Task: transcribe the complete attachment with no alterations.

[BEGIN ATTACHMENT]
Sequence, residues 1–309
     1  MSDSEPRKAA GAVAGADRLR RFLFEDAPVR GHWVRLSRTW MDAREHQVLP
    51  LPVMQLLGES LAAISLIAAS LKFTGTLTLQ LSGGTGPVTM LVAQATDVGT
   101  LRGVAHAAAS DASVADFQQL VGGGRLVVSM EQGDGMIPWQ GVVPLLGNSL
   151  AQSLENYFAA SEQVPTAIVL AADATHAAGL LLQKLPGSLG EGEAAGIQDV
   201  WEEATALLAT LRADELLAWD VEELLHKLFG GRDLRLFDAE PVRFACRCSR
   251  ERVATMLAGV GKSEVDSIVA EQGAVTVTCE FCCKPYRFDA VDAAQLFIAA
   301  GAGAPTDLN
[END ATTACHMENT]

Sequence, residues 1–309
     1  MSDSEPRKAA GAVAGADRLR RFLFEDAPVR GHWVRLSRTW MDAREHQVLP
    51  LPVMQLLGES LAAISLIAAS LKFTGTLTLQ LSGGTGPVTM LVAQATDVGT
   101  LRGVAHAAAS DASVADFQQL VGGGRLVVSM EQGDGMIPWQ GVVPLLGNSL
   151  AQSLENYFAA SEQVPTAIVL AADATHAAGL LLQKLPGSLG EGEAAGIQDV
   201  WEEATALLAT LRADELLAWD VEELLHKLFG GRDLRLFDAE PVRFACRCSR
   251  ERVATMLAGV GKSEVDSIVA EQGAVTVTCE FCCKPYRFDA VDAAQLFIAA
   301  GAGAPTDLN